Frank Lovece in Board Operations on November 8, 2013
In April 2009, the building's condominium association had apartment 5C, owned by Cheng and Grace Wu, cleaned to a livable condition after the board discovered what the court in Board of Managers of The Alfred Condominium v. Cheng Hsien Wu, et al. called "excessive accumulations of flammable materials, debris and also … rodent infestations."
Into the Breach
The cleaning restored the apartment to a sanitary state, and the board ordered the couple to pay for the cleaning and a necessary extermination, as well as related legal costs going back nearly a year. In August 2009, with those fees and unpaid common charges totaling $20,000, the board filed a lien and in December commenced a foreclosure action. On Jan. 21, 2011, a court held that the Wus were in breach of condo bylaws by allowing their apartment to deteriorate and remain in the unsanitary condition in which it was found. By the end of subsequent hearings, the couple now faced a $100,000 bill.
One might immediately think, "Wow, wouldn't it have been cheaper and easier for the apartment owners to have hired a cleaning service?" But as attorney Steven Wagner, a partner at Porzio, Bromberg & Newman, who is unrelated to this case, tells Habitat, "It's an OCD," the shorthand for the mental-health condition obsessive-compulsive disorder.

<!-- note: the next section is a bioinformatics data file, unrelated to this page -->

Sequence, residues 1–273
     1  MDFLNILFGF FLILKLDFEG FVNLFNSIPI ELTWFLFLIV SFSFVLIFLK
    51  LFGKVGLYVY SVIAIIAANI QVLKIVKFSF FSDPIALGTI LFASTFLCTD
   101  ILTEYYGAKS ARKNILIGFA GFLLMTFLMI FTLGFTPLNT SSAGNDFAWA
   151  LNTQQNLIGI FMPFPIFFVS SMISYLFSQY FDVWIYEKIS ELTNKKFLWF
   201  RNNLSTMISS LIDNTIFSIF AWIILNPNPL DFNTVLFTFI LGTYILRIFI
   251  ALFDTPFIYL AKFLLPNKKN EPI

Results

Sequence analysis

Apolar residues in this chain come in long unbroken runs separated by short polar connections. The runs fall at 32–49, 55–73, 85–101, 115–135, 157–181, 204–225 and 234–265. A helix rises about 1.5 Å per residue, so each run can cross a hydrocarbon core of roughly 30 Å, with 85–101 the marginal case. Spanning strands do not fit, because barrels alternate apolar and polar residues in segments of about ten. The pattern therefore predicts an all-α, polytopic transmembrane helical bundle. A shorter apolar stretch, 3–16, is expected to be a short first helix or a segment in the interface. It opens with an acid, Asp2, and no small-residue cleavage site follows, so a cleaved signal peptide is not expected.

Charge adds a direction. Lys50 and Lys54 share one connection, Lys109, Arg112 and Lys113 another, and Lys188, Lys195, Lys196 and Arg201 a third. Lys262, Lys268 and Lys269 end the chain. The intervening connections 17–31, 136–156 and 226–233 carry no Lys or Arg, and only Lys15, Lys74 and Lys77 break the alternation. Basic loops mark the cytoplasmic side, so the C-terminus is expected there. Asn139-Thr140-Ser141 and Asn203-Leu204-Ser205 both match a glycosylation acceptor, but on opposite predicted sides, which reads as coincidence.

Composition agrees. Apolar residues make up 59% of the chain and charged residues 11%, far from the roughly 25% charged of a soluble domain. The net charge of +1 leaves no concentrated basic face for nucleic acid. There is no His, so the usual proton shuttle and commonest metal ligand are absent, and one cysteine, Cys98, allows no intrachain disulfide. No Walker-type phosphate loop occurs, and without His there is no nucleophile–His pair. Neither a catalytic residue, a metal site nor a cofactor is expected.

"It's an illness," he says. "I think it's important for people to understand that these are mental-health issues and that unfortunately in our society right now there has been an enormous pullback from providing mental-health services to people, so it falls more and more on either family or, if there's no family, it may fall onto the co-ops and condos and the courts to deal with it. I, for one, always try to be sensitive to that."
The Needs of the Many
The overall welfare of the entire community comes first, of course, and fire hazards and infestations posed dangers for everyone in the 36-story building. The board in this case ultimately demanded that the Wus sell their apartment, with the proceeds of the sale going toward their obligation to pay the lien.
On Oct. 17, Judge Donna M. Mills of New York State Supreme Court ruled that The Alfred is entitled to a judgment of foreclosure, though the exact amount of the lien was referred to a special referee.
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